May Meeting Announcement, Delaware Valley Mass Spectrometry Discussion Group
Delaware Valley Mass Spectrometry Discussion Group Vendors Meeting.
Please RSVP to Karen Wendling - email@example.com - by Wednesday, May 4th, 2011.
An RSVP is needed to get a headcount for the served dinner.
ACS Philadelphia Section,
Critical Path Services,
Research Scientific Services,
Scientific Instrument Services,
- Topic: "Innovative Developments Which Broaden the Role of Mass Spectrometry "
- Speaker:Jack Henion
- Date: Monday May 9, 2011. 5:00 PM
5:00-6:30 p.m. Vendor Show (door prizes: American Express Gift Certificates)
6:30-7:30 p.m. Free Buffet-Style Dinner
7:30-7:40 p.m. Business (Election of Officers, etc
7:40-8:45 p.m. Talk (Jack Henion)
- Please RSVP to Karen Wendling by Wednesday, May 4th. An RSVP is needed to get a headcount for the served dinner
- (215) 248-7080
- Place: Villanova Conference Center (Note: this is NOT on the Villanova University campus).
Please note: If you are using a GPS locater, please enter 629 County Line Road, Radnor, PA 19087 or Latitude 40.05 and Longitude -75.35.
- Abstract: Mass spectrometry has come a long way since the early days of organic mass spectrometry of the 50's and 60's. Electron ionization (EI) from a solid probe or 'hot box' inlet was followed by chemical ionization (CI) with similar sample introduction. Then GC/MS evolved with both of these ionization modes for handling complex mixtures. Qualitative analysis by MS was followed by quantitative analysis using selected ion monitoring (SIM) which was driven by environmental applications. In the late 70's we began to see attempts to accomplish LC/MS which attempted to employ EI and CI but which lost out to thermospray, electrospray ionization (ESI) and atmospheric pressure chemical ionization (APCI). These techniques have survived the test of time with true analytical value by being implemented throughout the pharmaceutical industry as well as applications in industrial chemistry, environmental chemistry, food safety and more recently clinical chemistry. Throughout these developments applications have driven the progress with success measured by the productive solution of real-world problems.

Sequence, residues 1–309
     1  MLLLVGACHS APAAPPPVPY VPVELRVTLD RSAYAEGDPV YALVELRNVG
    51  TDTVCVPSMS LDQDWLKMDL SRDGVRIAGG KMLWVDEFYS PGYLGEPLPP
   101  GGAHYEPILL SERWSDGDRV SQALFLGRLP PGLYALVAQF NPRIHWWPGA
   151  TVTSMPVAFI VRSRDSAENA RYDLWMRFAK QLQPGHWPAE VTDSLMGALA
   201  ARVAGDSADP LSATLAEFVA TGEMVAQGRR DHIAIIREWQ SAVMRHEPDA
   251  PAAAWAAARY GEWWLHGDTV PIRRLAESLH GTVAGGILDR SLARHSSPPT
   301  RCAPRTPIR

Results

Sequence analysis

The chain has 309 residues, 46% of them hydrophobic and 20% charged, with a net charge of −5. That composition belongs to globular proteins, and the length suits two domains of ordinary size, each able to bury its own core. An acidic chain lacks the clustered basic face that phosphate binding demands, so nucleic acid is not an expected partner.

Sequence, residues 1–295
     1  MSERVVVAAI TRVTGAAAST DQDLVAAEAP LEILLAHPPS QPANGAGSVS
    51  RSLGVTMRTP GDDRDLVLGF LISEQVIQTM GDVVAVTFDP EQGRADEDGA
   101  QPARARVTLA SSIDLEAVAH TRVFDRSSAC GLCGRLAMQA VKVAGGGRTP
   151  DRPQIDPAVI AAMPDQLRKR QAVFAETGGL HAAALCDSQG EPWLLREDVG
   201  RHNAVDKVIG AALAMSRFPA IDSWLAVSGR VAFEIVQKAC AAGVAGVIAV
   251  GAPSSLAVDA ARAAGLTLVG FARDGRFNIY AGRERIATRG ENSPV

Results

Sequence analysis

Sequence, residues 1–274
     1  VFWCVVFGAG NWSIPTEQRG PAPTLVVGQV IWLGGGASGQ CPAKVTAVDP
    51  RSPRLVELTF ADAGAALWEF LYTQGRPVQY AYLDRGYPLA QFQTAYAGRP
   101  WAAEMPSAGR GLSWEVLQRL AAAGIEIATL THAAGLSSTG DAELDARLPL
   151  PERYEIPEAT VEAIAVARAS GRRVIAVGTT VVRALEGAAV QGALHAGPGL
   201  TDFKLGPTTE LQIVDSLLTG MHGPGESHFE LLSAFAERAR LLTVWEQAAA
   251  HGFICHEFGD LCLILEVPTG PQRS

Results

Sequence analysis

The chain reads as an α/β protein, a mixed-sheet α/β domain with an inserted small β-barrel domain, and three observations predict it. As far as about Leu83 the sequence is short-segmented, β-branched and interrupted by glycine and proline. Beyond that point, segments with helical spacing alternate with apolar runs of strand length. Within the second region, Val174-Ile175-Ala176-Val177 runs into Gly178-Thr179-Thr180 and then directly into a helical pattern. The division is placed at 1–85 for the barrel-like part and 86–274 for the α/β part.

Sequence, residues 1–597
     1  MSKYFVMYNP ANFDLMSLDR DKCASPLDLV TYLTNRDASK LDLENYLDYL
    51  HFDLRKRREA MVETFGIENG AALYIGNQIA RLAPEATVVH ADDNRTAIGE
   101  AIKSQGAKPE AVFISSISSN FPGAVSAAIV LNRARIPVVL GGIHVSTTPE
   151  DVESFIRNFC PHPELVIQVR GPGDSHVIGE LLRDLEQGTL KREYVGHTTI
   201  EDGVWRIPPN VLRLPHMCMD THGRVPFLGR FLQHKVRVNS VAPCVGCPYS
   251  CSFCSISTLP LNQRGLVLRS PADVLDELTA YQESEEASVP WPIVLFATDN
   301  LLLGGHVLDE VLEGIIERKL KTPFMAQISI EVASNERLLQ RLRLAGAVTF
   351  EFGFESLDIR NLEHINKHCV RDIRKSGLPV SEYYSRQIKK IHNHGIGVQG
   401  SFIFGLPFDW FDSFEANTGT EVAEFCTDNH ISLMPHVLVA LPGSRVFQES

Improvements and expanded applications continue to evolve which broaden the utility of mass spectrometry which places this amazing technology in the hands of established as well as new users. This presentation will describe additional new developments which further increase the field of use for mass spectrometry. These include developments in miniaturized devices which lead to nanoscale chromatography with concomitant increases in sensitivity, automation which is amenable to applications of surface sampling of dried blood spots as well as food surfaces to detect pesticides and the profiling of animal organs for drug and metabolite distributions across the various organs within a thin tissue slice. As an added example mass spectrometers have the potential to be collocated within a medicinal chemistry laboratory adjacent to a synthetic reaction for real-time reaction monitoring to optimize a chemical synthesis. These and related examples will be presented which demonstrate the relevance of the lecture title.
- Bio: Jack Henion, Ph.D. Emeritus Professor, Cornell University and CSO, Advion BioSciences, Inc., Ithaca, NY 14850.
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